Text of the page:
Apple appears to have a clearer grasp of the shape of the technology product marketplace than any other company serving the consumer, and is far more adept in crafting product design that evokes enthusiastic marketplace response
All products go through normal cycles where sales plateau or decline and that will undoubtedly be true of Apple as well. The company has a clear understanding of this and does not hesitate to refresh products or indeed supercede existing design with new products, rather than waiting for the competition to do it for them
Where other computer companies have failed in expanding into their own retail presence (Gateway, Dell), Apple has famously succeeded
Where its stock price goes will be subject to the vagarities of the market. Technology will continue to advance. And with Steve Jobs leading the company, Apple will be at the leading edge
Apple has been on a tear without much technology based competition. As the Android and other providers grow into Apples sweetspot, Apple will be forced to compress their margins, which will chip away at the profit margins Apple has enjoyed. The current Apple product manufactures will support other companies as well...and Apple will have to pay up to get thier lower volume products out. Overall, investors buying shares at these inflated prices (required high profit margin to continue), will certainly watch their investment shrink as the margin shrink and the net income shrink. Sure Apple may make another new blockbuster product, however there is no room for error at this price. It's just not a good investment this late in the cycle. Wise money will find another home.
aapl has seen the apex, like nortel or nokia. most funds bought the stock. investment guru's recommend aapl, but very few buy the stock. sprint who intended to buy a large number of iphone 4s, seems to be knocked out, the stock is massiv down -- and where is the money for that?
This is the typical momentum movement of a hyped up stock. I believe that Apple truly has innovative and remarkable products. I even believe that they will continue to push revenue higher for quarters to come, but it is the valuation that is impossible to support.
Currently analyst expectations are for them to hit $100B in sales this year. That puts the price at 3.2x sales. If you look at RIMM which also has expected 5 year growth at 17% vs AAPL at 20%, RIMM sells at 1.1x sales running at 41% ROE (AAPL 39% ROE). RIMM was at a 68B Market Cap in 2007 with revenue at 3B, now its at 28B Market Cap with Revenue at 20B. Giving AAPL generous multiples (1.5x Sales) + 60B in CASH = $210B Market Cap so stock price should be at best $226.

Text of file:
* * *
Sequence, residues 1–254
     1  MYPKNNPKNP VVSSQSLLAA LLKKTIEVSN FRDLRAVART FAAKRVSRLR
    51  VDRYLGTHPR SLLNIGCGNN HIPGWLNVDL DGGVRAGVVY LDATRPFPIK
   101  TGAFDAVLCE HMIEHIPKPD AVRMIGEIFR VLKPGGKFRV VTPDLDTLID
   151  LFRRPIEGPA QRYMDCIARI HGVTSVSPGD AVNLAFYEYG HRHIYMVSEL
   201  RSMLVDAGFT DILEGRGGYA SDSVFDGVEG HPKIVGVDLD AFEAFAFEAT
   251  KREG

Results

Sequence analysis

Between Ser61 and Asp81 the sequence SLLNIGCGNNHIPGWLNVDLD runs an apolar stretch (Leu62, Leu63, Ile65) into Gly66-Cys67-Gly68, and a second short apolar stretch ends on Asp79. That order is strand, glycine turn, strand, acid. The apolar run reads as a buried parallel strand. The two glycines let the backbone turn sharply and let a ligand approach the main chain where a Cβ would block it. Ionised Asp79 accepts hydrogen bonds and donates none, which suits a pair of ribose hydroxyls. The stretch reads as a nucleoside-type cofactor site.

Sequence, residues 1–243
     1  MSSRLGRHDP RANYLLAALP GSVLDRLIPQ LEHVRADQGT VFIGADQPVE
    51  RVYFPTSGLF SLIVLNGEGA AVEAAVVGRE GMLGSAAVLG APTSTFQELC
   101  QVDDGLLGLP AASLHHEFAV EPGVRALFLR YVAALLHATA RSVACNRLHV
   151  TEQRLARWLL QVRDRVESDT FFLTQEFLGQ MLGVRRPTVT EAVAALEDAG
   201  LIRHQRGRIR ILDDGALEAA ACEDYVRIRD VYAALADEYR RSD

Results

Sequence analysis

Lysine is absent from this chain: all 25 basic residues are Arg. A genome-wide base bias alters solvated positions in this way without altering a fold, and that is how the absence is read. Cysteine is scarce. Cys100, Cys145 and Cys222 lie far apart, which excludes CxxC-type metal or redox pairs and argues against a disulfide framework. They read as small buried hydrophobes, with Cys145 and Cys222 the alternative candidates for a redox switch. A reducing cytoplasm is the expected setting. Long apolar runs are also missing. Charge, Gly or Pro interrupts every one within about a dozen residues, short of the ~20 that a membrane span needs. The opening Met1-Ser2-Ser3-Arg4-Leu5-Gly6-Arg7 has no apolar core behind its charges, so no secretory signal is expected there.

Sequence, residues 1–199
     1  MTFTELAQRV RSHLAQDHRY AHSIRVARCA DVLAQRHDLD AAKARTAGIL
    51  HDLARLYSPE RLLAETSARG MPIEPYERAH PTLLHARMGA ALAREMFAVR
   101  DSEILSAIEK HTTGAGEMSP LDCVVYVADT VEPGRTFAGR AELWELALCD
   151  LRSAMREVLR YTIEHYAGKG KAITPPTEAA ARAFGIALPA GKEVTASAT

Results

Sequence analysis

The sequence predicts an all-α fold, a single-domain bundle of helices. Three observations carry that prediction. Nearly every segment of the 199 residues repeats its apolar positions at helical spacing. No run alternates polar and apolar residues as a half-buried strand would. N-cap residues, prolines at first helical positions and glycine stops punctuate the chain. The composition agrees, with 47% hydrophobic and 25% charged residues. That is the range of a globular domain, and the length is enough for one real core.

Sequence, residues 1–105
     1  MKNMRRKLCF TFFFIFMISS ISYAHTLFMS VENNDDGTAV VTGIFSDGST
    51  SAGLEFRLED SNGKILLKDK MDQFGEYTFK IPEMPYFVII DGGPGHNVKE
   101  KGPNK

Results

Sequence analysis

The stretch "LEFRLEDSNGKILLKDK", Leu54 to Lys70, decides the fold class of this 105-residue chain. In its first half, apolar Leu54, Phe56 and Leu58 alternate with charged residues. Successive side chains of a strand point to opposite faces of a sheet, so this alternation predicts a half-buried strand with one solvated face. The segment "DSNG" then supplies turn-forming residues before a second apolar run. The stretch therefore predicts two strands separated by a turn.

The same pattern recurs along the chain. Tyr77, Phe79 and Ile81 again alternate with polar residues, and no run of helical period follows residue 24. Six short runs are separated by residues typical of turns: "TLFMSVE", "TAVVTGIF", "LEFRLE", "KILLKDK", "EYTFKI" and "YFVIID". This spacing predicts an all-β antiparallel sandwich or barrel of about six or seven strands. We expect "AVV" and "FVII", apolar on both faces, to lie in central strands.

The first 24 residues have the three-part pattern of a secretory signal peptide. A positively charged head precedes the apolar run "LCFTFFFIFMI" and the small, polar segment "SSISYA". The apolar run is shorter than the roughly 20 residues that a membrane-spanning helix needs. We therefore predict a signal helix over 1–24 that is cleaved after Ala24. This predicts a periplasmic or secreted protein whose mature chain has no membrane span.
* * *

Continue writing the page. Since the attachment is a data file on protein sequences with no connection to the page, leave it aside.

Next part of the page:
Markets can stay irrational so maybe it hits $400-500 first but it will return to a solid valuation at some point.
Barry Deen ["Valuation (current price: $119")] argues that investment decisions should be based on "how a company is going to perform" and consideration of whether the stock is mispriced.
I would argue that ALL investment decisions should be made based ONLY on expectations of generating a profit and that ALL other considerations are ONLY tools to facilitate estimating that likelihood
Consideratings of book value, beta, and p/e multiples may help in assessing the degree of risk and whether you as an investor want to expose yourself to such risk but, while important issues, these are at best only ancillary factors on whether an investment is likely to generate a profit
Steve Jobs is Apple - innovation as we know it today. With uncertainty surrounding his current medical condition and the extent of his future involvement with the company, investors on Wall Street are concerned of where Apple is heading in the near term and the long term. While not necessarily bad long-term, this could have large short-term impact on the stock price.
Apple bears say Jobs' leave of absence raises near-term uncertainty as he is the company's chief innovator, deal-maker and a leader deeply involved in minute product decisions. His being sidelined for at least six months raises the risk of Apple being unable to sustain its record of innovation.
Beyond Jobs, some are also worried about how well Apple's high-end products will sell in a deteriorating economy.
"You're not going to miss a quarter because Steve Jobs is taking a break. My bigger concern is end demand in the weakening economic environment, given the fact that they play more in the high end of the market," said UBS analyst Maynard Umm, who has a neutral rating on Apple and $110 price target.
"I think expectations are already pretty low for the outlook so the real question is what's the catalyst to drive revenue and earnings again. It's unclear what the catalyst is given this weak environment."
Umm said it would be easier to make a bet when it becomes clearer how much the economy will hurt Apple's profits: "From my point of view, it's more of a wait and see. You have to see earnings numbers get reset for the rest of the year."
Calyon Securities analyst Shebly Seyrafi said the next few months will be very challenging for Apple.
"The stock could be choppy for the next few months," he said. "Q1 is going to be challenging for most tech companies. Even (Apple's) results may not be very impressive in the near term."
However, Seyrafi likes Apple for a 12-month horizon, assuming that that economy begins to improve in 2010, and he has an "outperform" rating on the stock with a $95 target.